The reason I’m starting to think the Old World is ultimately doomed is because we are bracketed on both sides by the New World, and those people being born today, post-iPhone and post-iPad, will never know (and probably not care) about how things used to work. Just as nobody today cares about floppies, and nobody has to care about manual transmissions if they don’t want to.

If you total up everyone older than the beginning of the Old World, and every person yet to be born, you end up with a much greater number of people than there are in the Old World.

And to that dramatically greater number of people, what do you think is more important? An easy-to-use, crash-proof device? Or a massively complex tangle of toolbars, menus, and windows because that’s what props up an entrenched software oligarchy?

Fellow Old Worlders, I hate to tell you this: we are a minority. The question is not “will the desktop metaphor go away?” The question is “why has it taken this long for the desktop metaphor to go away?”

But, But I’m a Professional!

This is a great toy for newbies, but how am I supposed to get any SERIOUS work done with it? After all, I’m a PRO EXPERT MEGA USER! I MUST HAVE TOOLBARS, WINDOWS, AND…

OK, stop for a second.

First, I would put the birth of New World computing at 2007, with the introduction of the iPhone. You could even arguably stretch it a bit further back to the birth of “Web 2.0” applications in the early 2000s. But it’s brand new. If computers in general are young, New World computing is fresh out of the womb, covered in blood and screaming.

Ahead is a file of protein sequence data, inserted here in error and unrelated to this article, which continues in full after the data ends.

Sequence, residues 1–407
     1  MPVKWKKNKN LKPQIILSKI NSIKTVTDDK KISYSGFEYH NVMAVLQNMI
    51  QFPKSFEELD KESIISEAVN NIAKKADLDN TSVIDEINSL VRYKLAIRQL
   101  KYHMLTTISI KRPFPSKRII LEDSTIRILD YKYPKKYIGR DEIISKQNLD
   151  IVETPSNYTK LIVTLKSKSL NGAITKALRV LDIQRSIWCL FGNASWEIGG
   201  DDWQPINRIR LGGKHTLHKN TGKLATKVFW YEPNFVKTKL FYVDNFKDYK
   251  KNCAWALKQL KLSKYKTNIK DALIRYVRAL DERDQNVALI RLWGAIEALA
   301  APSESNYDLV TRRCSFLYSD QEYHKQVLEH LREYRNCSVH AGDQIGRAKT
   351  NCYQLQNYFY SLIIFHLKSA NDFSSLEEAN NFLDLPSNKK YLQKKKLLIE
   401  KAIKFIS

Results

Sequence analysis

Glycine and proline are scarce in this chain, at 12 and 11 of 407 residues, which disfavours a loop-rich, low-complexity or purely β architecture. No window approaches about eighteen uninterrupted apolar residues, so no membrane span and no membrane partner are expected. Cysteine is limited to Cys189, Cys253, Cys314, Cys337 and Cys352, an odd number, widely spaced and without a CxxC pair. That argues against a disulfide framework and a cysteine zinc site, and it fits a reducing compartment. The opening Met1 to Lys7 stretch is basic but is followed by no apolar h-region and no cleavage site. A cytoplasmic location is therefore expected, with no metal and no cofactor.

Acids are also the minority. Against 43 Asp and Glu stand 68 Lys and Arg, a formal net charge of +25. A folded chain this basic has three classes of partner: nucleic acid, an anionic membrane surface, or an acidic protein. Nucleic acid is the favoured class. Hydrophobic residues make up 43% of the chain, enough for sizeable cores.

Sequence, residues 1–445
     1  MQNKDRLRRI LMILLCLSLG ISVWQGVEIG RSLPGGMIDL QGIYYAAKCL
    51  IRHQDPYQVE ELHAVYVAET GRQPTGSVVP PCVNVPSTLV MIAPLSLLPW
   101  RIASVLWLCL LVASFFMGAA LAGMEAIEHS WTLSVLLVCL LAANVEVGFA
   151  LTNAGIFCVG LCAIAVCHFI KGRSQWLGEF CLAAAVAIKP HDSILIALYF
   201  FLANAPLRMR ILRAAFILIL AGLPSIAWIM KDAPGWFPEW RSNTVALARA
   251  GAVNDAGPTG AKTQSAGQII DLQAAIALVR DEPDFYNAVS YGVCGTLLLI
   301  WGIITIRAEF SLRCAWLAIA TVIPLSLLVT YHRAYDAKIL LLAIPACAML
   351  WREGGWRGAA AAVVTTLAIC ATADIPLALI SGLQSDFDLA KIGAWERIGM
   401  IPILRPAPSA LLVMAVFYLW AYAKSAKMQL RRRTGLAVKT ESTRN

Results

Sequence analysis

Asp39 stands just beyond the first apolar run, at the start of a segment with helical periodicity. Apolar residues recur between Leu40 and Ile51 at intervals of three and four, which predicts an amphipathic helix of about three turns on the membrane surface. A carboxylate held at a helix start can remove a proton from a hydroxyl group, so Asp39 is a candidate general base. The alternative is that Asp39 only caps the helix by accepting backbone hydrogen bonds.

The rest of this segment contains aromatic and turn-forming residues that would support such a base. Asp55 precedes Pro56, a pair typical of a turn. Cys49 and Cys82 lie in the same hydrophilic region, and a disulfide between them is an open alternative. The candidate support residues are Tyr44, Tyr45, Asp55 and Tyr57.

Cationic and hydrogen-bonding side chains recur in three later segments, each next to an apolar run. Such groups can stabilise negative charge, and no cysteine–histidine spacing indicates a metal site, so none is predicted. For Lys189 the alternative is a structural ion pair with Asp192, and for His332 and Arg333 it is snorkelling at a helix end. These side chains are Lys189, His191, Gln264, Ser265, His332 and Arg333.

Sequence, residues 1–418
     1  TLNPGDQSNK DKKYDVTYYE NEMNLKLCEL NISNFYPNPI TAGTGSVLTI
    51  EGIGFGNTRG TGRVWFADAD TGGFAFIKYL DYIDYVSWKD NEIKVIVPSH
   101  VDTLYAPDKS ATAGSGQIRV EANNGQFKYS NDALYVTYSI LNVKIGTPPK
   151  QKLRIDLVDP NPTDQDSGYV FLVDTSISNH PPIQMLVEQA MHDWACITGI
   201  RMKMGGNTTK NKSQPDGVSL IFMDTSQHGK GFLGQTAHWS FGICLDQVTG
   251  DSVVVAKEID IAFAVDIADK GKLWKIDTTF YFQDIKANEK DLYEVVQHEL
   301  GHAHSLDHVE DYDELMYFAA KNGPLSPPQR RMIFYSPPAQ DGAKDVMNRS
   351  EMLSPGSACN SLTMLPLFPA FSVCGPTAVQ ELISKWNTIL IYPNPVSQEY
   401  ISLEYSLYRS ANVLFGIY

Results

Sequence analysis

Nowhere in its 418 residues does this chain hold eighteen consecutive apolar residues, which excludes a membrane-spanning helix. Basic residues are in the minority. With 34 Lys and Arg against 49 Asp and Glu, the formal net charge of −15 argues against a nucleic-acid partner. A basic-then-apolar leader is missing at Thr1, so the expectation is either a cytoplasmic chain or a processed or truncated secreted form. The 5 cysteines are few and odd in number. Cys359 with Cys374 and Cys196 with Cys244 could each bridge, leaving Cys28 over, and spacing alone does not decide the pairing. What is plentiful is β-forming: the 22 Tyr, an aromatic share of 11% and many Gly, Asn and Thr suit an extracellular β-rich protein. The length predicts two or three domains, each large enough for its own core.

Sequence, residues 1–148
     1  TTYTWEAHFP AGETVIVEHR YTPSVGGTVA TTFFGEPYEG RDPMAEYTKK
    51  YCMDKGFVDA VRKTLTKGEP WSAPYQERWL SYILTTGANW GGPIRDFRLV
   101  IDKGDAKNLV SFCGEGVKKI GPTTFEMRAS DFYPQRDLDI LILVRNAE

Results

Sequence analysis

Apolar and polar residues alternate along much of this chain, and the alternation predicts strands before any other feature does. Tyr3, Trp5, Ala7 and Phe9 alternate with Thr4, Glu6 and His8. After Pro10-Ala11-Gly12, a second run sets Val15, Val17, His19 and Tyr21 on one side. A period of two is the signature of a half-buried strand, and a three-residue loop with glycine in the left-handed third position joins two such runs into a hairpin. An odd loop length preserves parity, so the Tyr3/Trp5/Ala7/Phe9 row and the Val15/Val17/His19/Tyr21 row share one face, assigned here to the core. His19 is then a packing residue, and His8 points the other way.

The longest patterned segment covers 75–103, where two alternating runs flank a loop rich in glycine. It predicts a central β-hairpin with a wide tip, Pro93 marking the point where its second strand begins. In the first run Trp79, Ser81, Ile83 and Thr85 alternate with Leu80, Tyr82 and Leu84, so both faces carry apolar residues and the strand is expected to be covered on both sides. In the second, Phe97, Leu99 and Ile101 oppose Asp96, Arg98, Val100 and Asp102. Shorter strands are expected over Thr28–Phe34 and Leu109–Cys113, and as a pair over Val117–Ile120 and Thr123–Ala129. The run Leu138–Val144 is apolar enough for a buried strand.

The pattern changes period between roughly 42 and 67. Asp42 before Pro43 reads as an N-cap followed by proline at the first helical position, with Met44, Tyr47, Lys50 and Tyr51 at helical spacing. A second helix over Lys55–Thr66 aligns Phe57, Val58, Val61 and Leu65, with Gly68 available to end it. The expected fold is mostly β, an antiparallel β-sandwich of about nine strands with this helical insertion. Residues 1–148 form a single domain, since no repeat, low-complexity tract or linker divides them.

It’s got a bit of development to go.

I encourage you to look at this argument in terms of what you are really trying to achieve rather than the way you are used to going about it.

Let’s pick a ridiculous example and say I work in digital video, and I need to encode huge amounts of video data into some advanced format, and send that off to a server somewhere. I could never do that on an iPad! Right?

Well, no, today, probably not. But could you do it on a future New World computer in the general sense?

Remember, the hardware is a non-issue: Flash storage will grow to terabytes in size. CPUs will continue to multiply in power as they always have. Displays, batteries, everything will improve given enough time.

As I see it, many of these “BUT I’M AN EXPERT” situations can be resolved by making just a few key modifications:

  1. A managed way of putting processes in the background. New Worlders are benefiting already from the improved performance and battery life provided by the inability to run a task in the background. Meanwhile, Old Worlders are tearing their hair out. I CAN’T MULTITASK, right? It seems like there has to be a reasonable middle ground. Maybe processes can petition the OS for background time. Maybe a user can “opt-in” to background processes. I don’t know. But it seems like there must be an in-between that doesn’t sacrifice what we’ve gained for some of the flexibility we’re used to.
  2. A way of sharing data with other devices. New World devices are easy to learn and highly usable because they do not expose the filesystem to users and they are “data islands”. We are no longer working with “files” but we are still working with data blobs that it would be valuable to be able to exchange with each other. Perhaps the network wins here. Perhaps flash drives that we never see the contents of. The Newton was, to my knowledge, the first generally available device where you could just say “put this app and all data I’ve created with it on this removable card” without ever once seeing a file or a folder. Its sizable Achilles’ Heel was that only other Newtons understood the data format.